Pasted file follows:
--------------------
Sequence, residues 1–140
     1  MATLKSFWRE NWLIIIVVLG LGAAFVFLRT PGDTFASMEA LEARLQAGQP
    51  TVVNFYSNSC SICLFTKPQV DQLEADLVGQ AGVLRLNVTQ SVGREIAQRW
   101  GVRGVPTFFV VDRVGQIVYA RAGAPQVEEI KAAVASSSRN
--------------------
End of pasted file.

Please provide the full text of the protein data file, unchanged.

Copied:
Sequence, residues 1–140
     1  MATLKSFWRE NWLIIIVVLG LGAAFVFLRT PGDTFASMEA LEARLQAGQP
    51  TVVNFYSNSC SICLFTKPQV DQLEADLVGQ AGVLRLNVTQ SVGREIAQRW
   101  GVRGVPTFFV VDRVGQIVYA RAGAPQVEEI KAAVASSSRN